As stated earlier, the Moscow process is regarded as a sign of a significant shift in Turkey’s official position about the presence of Assad in the political future of Syria. The assassination of the Russian ambassador in this regard seems to have strengthened Moscow’s hand against Ankara, considering that Lavrov told the reporters right after his meeting with the Turkish and Iranian foreign ministers that their priority in Syria was fighting terrorism, and not the removal of Assad.[20] Yet, it is far from certain that the Turkish government has completely given up this goal, as also indicated by President Erdoğan’s words in late November that Turkey had intervened in Syria to “end the rule of the cruel Assad”.[21]

Erdoğan’s statement came shortly after four Turkish soldiers were killed by an airstrike allegedly carried out by the Assad regime.[22] When Moscow denied these allegations despite strong evidence revealed by the Turkish authorities and requested an official explanation from Turkey for Erdoğan’s words, Ankara toned down its reaction and assured the Kremlin that the goal of Operation Euphrates Shield was fighting terrorist groups – and not a regime change in Syria.[23] Yet, this incident once again demonstrated the limits of Turkish-Russian cooperation in Syria as well as Assad’s ability to exploit the differences between Ankara and Moscow in order to pursue his own agenda.

Another issue that may complicate relations between Turkey and Russia in the short term is the future of Idlib, which is currently the stronghold not only of the opposition groups that are supported by Turkey, but also of Jabhat al-Nusra. In fact, most of the rebels who fled Aleppo in December 2016 took shelter in Idlib, which is geographically very close to Russian military bases in Syria. It is claimed that the city could become the next target of the military campaign waged by Russia and Assad forces for this reason.[24] Such a development – especially if the crisis in Aleppo is replicated in Idlib – would inevitably become a serious concern not only for the Turkish government, but also the Turkish public.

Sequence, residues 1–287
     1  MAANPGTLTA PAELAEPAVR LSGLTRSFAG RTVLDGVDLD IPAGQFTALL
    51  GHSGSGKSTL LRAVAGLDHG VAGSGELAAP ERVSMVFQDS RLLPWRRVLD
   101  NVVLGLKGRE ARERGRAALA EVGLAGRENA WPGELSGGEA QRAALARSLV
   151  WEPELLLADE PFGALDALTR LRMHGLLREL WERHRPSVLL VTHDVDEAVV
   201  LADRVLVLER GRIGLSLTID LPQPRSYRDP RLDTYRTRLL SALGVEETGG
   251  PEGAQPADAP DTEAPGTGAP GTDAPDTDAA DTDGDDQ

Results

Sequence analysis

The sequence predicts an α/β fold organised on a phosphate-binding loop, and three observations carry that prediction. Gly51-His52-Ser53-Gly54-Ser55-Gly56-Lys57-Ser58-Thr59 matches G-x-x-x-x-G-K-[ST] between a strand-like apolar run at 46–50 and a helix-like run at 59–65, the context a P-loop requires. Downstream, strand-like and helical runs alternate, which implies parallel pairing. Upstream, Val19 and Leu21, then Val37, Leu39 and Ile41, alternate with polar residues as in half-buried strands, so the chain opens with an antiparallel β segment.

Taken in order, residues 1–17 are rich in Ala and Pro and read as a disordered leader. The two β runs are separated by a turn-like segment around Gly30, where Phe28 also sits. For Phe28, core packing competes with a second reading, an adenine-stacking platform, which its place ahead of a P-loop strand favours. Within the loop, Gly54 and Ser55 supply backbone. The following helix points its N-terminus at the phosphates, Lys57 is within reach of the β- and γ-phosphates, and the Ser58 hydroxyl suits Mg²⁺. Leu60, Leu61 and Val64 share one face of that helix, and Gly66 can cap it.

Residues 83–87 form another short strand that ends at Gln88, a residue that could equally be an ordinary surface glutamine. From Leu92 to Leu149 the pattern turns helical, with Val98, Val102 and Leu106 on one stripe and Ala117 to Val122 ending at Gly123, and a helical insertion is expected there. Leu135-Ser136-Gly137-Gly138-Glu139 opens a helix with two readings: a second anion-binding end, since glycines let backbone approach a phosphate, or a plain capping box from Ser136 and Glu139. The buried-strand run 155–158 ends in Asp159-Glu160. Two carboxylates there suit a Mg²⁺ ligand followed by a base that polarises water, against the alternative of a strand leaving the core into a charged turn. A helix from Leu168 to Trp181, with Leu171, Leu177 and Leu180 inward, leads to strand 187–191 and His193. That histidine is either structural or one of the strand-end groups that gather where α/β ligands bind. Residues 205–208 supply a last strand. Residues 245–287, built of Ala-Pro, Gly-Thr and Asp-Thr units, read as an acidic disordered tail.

Assad is also known to have an interest in controlling the strategic town of Al Bab, which is currently under siege by Turkish forces, in order to secure his recent victory over Aleppo. Although some claim that Russia has given consent for Turkey’s takeover of Al Bab, it should be noted that Assad and Iran are both capable of undermining the Turkish-Russian understanding on this issue.[25] It is also worth looking at Turkish Foreign Minister Çavuşoğlu’s warning about Hezbollah during his joint press conference with the Russian and Iranian foreign ministers after the Moscow Declaration in this regard.[26] The rising influence of Iran in the region through Hezbollah forces and Shiite militias deeply concerns Turkey, and may become a serious obstacle to the continuation of regional dialogue between Moscow, Ankara and Tehran.


“All previous attempts by the United States and its partners to agree on coordinated actions were doomed to failure. None of them wielded real influence over the situation on the ground.”[27] This is how Russian Defense Minister Shoigu defined the situation in Syria following his meeting with the Turkish and Iranian defense ministers in Moscow, as the foreign ministers of the three countries were signing the declaration that sought to begin a new political process in Syria. This can be regarded as a remarkable acknowledgement of the marginalization of Washington in the Syrian conflict, especially considering how it has been completely excluded by Ankara, Moscow and Tehran from this new peace process.

The Turkish government’s alienation from Washington following the failed coup attempt of July 15 has played an important part in this picture. Apart from the reluctance of the US authorities to extradite Fetullah Gülen, who allegedly masterminded the coup attempt, Washington’s increasing military support to the PYD/YPG forces has also encouraged Ankara to seek the assistance of Moscow rather than Washington in order to establish an ISIS and PYD/YPG free zone in northern Syria. Some analysts have viewed this process as the division of Syria into two zones of influence: “a Russian-backed littoral state under Assad, claiming to be the sole government of the country, and a ‘Free Syria’ backed by Turkey.”[28]